Ex-Punk Linder Sterling Is at Home with Opulence
By: Sarah Hyde
The one-time Buzzcocks house artist becomes "a demigod of the printed page" in her residency at England's Chatsworth House.
2018 is already a huge year for Linder Sterling, with two major exhibitions in England—one at Chatsworth House (the historic seat of the Dukes of Devonshire, where she's currently artist in residence) and the other at Nottingham Contemporary—and a significant contribution to Glasgow Women’s Library as part of Glasgow International Festival. It's all a long way from her punk beginnings as the maker of the Buzzcocks infamous "Orgasm Addict" sleeve, the result of a serendipitous meeting with the band at the Sex Pistols' legendary Manchester Lesser Free Trade Hall show. GARAGE caught up with Linder recently at Chatsworth.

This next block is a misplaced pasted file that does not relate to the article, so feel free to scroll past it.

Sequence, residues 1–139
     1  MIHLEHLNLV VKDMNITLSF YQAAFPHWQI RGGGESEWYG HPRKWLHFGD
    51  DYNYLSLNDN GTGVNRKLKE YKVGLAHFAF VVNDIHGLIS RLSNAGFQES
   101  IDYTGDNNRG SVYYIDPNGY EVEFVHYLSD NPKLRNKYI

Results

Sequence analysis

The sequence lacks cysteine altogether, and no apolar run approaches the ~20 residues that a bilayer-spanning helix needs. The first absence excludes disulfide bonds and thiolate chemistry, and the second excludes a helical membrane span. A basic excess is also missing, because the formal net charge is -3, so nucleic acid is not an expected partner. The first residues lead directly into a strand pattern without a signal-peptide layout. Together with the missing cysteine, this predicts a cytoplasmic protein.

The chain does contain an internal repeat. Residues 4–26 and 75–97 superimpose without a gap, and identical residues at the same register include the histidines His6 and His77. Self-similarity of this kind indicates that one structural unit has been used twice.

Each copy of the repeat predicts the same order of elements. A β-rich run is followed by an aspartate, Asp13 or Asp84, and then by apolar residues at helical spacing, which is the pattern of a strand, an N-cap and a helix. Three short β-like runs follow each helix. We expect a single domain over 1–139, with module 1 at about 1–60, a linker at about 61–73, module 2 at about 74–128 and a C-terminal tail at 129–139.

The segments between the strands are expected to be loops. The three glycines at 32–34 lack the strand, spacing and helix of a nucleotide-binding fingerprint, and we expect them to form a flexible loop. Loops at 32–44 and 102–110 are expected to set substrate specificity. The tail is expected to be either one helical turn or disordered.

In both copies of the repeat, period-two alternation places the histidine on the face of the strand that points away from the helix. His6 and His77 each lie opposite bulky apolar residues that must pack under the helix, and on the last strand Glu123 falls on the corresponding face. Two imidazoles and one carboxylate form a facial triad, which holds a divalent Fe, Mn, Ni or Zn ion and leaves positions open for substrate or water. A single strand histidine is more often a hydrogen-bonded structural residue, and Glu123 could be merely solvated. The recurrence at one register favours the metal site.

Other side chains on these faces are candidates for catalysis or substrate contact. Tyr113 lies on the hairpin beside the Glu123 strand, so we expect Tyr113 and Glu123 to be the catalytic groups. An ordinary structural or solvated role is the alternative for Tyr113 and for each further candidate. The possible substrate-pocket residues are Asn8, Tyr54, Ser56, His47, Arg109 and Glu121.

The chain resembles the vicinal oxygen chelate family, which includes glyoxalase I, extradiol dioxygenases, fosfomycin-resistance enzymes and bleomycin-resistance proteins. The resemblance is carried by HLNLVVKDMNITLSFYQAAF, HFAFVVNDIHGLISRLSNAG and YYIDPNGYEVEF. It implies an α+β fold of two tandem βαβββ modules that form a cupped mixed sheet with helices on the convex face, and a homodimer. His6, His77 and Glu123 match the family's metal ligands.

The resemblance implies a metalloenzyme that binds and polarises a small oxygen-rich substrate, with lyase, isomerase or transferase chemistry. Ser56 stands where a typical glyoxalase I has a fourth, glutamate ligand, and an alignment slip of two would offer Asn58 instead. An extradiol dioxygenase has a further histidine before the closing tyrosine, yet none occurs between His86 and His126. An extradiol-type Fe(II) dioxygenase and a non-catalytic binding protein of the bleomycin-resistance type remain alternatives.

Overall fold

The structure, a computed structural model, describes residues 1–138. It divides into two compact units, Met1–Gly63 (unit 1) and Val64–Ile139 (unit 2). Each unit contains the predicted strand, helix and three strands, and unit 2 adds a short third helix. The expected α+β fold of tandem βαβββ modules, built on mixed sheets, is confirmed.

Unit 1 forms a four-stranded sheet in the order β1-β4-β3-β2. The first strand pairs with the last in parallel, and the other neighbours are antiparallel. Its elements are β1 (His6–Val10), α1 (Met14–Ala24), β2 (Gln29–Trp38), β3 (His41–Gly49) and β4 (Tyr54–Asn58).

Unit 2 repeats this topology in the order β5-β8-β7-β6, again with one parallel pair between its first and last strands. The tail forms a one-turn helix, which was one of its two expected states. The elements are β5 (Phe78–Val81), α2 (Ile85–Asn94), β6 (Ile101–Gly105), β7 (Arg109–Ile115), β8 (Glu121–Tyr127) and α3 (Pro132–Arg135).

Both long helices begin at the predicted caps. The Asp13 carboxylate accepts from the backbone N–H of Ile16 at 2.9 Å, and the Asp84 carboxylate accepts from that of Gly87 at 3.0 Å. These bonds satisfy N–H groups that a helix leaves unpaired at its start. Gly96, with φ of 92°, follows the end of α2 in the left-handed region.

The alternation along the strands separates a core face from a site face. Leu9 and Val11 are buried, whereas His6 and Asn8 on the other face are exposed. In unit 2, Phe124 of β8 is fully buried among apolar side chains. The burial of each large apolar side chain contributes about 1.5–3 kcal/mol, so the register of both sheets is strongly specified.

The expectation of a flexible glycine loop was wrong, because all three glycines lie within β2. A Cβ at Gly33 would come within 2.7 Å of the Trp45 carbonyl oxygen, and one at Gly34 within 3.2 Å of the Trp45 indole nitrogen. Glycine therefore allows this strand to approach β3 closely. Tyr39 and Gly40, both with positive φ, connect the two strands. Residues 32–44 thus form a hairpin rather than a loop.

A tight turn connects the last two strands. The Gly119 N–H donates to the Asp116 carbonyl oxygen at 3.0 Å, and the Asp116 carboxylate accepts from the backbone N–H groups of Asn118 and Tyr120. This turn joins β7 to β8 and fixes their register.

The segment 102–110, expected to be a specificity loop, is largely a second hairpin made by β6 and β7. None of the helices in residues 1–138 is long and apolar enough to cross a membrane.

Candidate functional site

GARAGE: You’re the first artist in residence here. It feels like quite a turnaround from your background in underground publishing. How are you finding it?
Linder: I’m loving every moment! The house and the landscape yield one delight after another. I also find myself traveling further and further back in time with little intention of rushing back to the present day. I had no idea that history could be so seductive.
Your primary form is photomontage, and you’ve mentioned before that you were inspired by Hannah Hoch. Does cutting out shapes make you feel omnipotent?
Making a photomontage, I become a demigod of the printed page, wielding scissors and glue until I make an image that articulates something greater than the sum of its parts. So yes, there’s a temporary omnipotence via the engineering of the halftone dot. But I come down to earth again as soon as I put the glue stick away.
At Chatsworth, history is beguiling. What’s it like applying your scissors and scalpel to something as physically intangible as the past? Are you creating a new history or staying within the existing narrative?